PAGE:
Board Bulletins and Subject Numbers
April 26, 2017
As part of Part NNN of Chapter 59 Laws of 2017 workers' compensation reform legislation, signed by Governor Andrew Cuomo on April 10, 2017, the New York State Workers' Compensation Board is required to conduct hearings within 45 days of a request under circumstances where the injured worker is out of work and not being paid, as explained below. In this Subject Number, the term "employer" means employer or, if insured, the insurance carrier.
The purpose of this reform is to ensure that a prompt hearing will be held in cases of acute need, where the claimant is not being paid. It is very important to understand when it is appropriate to request such a hearing in order to avoid improper filings and the penalties that could result. These 45-day hearings are set aside for claimants with acute need and are not to be utilized as general purpose hearings to resolve other issues.
When Is a 45-Day Hearing Appropriate?
Under the new language in WCL § 25(2)(a), when a claimant or his or her legal representative files the appropriate form, either Request for Assistance by Injured Worker (Form RFA-1W) or Request for Further Action by Legal Counsel (Form RFA-1LC), and checks the appropriate boxes to state that all of the following are true, the Board will expedite the request to schedule a hearing within 45 days of the Board's receipt of the request.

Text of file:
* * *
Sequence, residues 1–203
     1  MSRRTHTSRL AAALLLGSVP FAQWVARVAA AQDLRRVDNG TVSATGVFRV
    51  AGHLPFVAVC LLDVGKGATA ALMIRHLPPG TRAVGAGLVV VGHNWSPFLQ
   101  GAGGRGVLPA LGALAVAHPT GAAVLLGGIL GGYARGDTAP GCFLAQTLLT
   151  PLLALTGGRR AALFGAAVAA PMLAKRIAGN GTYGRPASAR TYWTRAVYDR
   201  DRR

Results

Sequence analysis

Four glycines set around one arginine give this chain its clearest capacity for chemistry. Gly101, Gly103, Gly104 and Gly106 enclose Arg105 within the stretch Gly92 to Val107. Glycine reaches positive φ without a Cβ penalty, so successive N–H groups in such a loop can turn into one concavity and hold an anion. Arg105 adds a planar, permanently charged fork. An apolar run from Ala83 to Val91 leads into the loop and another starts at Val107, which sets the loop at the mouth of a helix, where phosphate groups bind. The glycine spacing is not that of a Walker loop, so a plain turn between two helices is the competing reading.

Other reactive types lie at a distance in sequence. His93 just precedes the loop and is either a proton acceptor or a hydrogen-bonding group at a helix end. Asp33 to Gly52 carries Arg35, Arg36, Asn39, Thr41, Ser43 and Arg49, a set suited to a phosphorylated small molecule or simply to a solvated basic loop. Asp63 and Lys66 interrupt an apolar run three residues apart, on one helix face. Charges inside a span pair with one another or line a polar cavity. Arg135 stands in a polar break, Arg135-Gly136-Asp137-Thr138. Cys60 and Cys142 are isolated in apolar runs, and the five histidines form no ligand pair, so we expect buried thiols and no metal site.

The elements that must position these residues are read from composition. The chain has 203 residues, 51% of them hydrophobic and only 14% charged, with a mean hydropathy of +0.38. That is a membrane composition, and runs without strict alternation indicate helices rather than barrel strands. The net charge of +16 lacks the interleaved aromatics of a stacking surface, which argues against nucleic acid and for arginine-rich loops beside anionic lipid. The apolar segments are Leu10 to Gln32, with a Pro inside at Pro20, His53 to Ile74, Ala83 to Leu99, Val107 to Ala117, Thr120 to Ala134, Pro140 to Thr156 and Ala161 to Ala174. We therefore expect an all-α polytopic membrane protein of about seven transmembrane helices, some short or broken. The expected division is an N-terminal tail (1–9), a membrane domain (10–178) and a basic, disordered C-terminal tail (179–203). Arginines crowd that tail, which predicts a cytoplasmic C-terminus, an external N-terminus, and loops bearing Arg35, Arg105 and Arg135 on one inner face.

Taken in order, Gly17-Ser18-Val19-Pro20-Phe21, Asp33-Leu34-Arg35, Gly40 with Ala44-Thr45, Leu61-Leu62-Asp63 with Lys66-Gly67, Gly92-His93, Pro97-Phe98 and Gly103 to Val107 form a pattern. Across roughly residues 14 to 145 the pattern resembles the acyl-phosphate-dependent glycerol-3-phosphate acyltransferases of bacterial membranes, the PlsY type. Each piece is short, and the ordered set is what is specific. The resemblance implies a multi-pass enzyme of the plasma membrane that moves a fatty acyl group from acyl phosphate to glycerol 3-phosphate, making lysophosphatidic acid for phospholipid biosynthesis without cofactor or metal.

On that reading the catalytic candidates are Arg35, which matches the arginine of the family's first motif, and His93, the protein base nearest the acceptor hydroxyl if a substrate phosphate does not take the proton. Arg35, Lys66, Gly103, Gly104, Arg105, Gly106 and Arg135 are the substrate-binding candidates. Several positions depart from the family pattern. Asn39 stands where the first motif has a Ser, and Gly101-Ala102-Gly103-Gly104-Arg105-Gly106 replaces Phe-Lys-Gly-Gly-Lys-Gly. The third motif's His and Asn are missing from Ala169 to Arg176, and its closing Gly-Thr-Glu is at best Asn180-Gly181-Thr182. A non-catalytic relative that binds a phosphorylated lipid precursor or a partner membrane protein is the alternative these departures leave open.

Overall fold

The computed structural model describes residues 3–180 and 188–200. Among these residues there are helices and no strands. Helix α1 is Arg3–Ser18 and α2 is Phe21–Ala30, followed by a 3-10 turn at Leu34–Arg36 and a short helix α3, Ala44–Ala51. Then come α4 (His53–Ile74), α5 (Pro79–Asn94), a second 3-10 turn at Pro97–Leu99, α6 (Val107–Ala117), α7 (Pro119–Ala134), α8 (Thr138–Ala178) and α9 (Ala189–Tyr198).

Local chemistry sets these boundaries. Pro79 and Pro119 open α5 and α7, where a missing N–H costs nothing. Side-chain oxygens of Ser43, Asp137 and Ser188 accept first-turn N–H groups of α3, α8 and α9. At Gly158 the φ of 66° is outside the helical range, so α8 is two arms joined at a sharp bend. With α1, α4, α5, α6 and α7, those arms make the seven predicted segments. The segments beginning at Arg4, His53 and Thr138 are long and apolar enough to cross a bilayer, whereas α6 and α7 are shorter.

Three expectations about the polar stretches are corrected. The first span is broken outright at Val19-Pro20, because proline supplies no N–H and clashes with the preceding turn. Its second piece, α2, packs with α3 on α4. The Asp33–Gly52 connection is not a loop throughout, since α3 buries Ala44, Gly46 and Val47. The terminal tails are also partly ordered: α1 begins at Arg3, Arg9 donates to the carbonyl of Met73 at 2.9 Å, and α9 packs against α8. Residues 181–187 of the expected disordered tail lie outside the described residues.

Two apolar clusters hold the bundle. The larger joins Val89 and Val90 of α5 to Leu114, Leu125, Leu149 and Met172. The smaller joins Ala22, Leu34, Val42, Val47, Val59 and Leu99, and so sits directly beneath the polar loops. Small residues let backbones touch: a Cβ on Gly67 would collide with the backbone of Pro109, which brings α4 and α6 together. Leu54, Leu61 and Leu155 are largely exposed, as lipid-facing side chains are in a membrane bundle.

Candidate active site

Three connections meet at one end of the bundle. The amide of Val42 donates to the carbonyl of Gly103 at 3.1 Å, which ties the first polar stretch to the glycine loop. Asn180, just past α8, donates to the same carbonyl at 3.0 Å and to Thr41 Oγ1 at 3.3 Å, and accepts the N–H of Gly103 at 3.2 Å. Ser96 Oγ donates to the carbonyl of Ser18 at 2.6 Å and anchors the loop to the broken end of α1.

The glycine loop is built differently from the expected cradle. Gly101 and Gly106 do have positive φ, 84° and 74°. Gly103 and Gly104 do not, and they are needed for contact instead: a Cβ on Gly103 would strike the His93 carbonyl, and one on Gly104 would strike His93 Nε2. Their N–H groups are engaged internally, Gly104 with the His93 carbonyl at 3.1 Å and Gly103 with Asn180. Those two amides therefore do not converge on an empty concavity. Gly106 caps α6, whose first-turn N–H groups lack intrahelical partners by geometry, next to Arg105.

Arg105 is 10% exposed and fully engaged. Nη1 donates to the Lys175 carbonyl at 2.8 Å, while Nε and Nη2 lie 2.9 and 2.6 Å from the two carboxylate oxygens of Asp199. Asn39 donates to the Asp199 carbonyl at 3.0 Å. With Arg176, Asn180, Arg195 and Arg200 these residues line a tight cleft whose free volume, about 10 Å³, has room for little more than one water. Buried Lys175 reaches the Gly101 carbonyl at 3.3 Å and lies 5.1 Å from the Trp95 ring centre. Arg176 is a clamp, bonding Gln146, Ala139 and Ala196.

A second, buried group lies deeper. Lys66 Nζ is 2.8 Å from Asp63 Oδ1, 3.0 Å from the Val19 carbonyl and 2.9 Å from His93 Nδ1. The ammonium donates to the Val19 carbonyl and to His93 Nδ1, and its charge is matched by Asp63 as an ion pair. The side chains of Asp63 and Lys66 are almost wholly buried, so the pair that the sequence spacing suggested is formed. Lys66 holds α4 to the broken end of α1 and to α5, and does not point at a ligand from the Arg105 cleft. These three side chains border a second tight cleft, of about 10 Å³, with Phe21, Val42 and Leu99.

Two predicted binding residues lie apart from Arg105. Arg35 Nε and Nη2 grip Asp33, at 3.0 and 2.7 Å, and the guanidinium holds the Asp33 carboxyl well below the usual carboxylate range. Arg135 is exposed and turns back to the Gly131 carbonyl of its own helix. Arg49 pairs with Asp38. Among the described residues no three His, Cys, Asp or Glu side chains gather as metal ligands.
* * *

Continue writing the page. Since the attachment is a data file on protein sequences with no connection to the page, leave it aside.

- A claim for workers' compensation has been filed.
- Medical evidence of work-related injury or illness is submitted.
- Claimant is not working in any capacity.
- Claimant is not otherwise barred from receipt of compensation.
- The employer is not paying the claimant as required by law.
- The employer is not controverting the right to compensation (as there is already an expedited process for controverted claims).
- Claimant or his or her legal representative has attempted to resolve the issue with the employer, yet the claimant is still not being paid
When Is a 45-Day Hearing Not Appropriate?
The employer is required to make payments required by law. This means that payment must be made within 18 days of disability or 10 days of the employer's knowledge of the disability, whichever is longer (WCL § 25[b]). Board rule 12 NYCRR 300.23(a) and (b) sets forth the circumstances under which an employer may suspend or reduce benefits, even cases where the claimant is not working. For example, in cases where there is a medical report from the claimant's doctor indicating no disability, or where a claimant becomes incarcerated for a felony, the employer can suspend or reduce benefits. The Board also issues decisions setting forth awards of compensation, which may indicate no continuing payments because there is no compensable lost time.
A 45-day hearing cannot be requested:
- Initially, until the 18 or 10 days set forth in statute have passed.
- If the Board has issued a decision in the case finding no compensable lost time.
- If the claimant is being paid by the employer directly, and the awards which would be made at the hearing would be to reimburse or credit the employer.
- If the claimant is receiving an indemnity payment, even if not the total rate.
Revised Request for Further Action (RFA-1LC and RFA-1W) Forms
Together with this Subject Number, the Board is releasing revised versions of Request for Further Action by Legal Counsel (Form RFA-1LC) and Request for Further Action by Injured Worker (Form RFA-1W).